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  37. A Moral Framework for Understanding of Fair ML Through Economic Models of Equality of Opportunity.Hoda Heidari - 2019 - Proceedings of the Conference on Fairness, Accountability, and Transparency 1.
    We map the recently proposed notions of algorithmic fairness to economic models of Equality of opportunity (EOP)---an extensively studied ideal of fairness in political philosophy. We formally show that through our conceptual mapping, many existing definition of algorithmic fairness, such as predictive value parity and equality of odds, can be interpreted as special cases of EOP. In this respect, our work serves as a unifying moral framework for understanding existing notions of algorithmic fairness. Most importantly, this framework allows us to (...)
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  38. Shared Decision‐Making and Maternity Care in the Deep Learning Age: Acknowledging and Overcoming Inherited Defeaters.Keith Begley, Cecily Begley & Valerie Smith - 2021 - Journal of Evaluation in Clinical Practice 27 (3):497–503.
    In recent years there has been an explosion of interest in Artificial Intelligence (AI) both in health care and academic philosophy. This has been due mainly to the rise of effective machine learning and deep learning algorithms, together with increases in data collection and processing power, which have made rapid progress in many areas. However, use of this technology has brought with it philosophical issues and practical problems, in particular, epistemic and ethical. In this paper the authors, with backgrounds in (...)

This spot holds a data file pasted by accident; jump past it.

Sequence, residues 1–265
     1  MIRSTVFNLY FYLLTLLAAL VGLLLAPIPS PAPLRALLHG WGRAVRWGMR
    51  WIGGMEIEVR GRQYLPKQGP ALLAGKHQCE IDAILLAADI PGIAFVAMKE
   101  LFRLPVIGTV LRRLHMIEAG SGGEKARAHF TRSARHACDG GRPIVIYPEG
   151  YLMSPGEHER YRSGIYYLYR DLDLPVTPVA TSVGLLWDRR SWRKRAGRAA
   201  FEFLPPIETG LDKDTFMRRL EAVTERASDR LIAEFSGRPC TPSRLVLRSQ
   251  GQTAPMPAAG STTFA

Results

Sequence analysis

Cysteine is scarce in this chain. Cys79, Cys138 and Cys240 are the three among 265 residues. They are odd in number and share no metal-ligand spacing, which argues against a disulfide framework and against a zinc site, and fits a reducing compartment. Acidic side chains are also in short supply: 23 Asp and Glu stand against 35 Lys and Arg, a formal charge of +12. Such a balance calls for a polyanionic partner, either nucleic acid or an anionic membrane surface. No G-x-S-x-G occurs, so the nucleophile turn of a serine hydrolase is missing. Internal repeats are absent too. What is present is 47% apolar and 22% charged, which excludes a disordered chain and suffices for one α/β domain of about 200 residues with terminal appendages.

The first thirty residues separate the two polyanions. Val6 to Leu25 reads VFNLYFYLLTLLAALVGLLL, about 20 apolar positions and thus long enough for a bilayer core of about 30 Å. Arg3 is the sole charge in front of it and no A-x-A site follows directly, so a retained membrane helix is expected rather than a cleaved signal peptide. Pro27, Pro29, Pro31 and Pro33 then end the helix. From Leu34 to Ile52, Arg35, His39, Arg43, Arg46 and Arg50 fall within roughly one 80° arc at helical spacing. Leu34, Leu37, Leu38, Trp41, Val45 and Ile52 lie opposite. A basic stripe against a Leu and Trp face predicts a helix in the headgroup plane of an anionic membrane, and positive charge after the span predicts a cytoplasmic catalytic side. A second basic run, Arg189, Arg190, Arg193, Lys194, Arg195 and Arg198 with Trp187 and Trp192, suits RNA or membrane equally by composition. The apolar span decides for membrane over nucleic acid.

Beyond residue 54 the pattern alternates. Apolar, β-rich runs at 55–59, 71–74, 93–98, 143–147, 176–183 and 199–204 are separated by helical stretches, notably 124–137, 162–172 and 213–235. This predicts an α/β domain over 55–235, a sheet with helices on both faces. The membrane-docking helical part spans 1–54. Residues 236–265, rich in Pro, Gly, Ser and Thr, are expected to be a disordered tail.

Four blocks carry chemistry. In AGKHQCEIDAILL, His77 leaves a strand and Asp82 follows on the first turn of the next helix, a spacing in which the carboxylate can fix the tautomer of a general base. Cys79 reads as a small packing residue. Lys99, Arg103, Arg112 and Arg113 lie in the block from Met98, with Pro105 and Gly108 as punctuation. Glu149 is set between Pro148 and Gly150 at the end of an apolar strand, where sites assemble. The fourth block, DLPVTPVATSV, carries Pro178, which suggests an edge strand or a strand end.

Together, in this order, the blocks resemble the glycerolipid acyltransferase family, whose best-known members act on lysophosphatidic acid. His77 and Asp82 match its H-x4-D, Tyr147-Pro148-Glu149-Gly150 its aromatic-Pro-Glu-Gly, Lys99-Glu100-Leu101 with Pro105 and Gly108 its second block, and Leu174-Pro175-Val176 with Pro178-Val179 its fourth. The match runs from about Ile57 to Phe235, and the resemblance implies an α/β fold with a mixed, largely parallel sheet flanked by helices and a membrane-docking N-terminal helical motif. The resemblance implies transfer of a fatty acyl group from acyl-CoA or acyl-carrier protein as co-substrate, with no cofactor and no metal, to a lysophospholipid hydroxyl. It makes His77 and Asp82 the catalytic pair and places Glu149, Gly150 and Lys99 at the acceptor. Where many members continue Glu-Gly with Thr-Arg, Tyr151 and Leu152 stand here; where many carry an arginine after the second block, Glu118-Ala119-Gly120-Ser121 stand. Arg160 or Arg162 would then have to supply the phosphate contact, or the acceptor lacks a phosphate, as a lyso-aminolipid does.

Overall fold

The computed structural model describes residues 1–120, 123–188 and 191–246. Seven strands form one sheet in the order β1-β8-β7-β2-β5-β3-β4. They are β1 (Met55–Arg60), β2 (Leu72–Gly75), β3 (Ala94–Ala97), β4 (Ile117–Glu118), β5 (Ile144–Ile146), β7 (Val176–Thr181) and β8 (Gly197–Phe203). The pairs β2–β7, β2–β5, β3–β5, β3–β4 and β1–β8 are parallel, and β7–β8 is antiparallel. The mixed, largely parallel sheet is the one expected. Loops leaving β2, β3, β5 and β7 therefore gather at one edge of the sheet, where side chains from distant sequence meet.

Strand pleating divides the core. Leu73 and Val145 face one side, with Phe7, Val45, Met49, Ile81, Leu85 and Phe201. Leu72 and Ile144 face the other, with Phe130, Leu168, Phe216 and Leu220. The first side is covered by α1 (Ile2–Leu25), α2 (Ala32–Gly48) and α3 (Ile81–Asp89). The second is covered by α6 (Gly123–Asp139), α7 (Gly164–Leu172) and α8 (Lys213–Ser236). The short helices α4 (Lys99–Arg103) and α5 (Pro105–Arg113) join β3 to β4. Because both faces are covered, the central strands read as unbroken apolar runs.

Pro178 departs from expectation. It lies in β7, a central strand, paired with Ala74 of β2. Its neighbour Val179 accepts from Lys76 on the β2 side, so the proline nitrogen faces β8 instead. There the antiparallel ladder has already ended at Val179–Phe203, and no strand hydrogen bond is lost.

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  39. On the Possibility of Testimonial Justice.Rush T. Stewart & Michael Nielsen - 2020 - Australasian Journal of Philosophy 98 (4):732-746.
    Recent impossibility theorems for fair risk assessment extend to the domain of epistemic justice. We translate the relevant model, demonstrating that the problems of fair risk assessment and just credibility assessment are structurally the same. We motivate the fairness criteria involved in the theorems as also being appropriate in the setting of testimonial justice. Any account of testimonial justice that implies the fairness/justice criteria must be abandoned, on pain of triviality.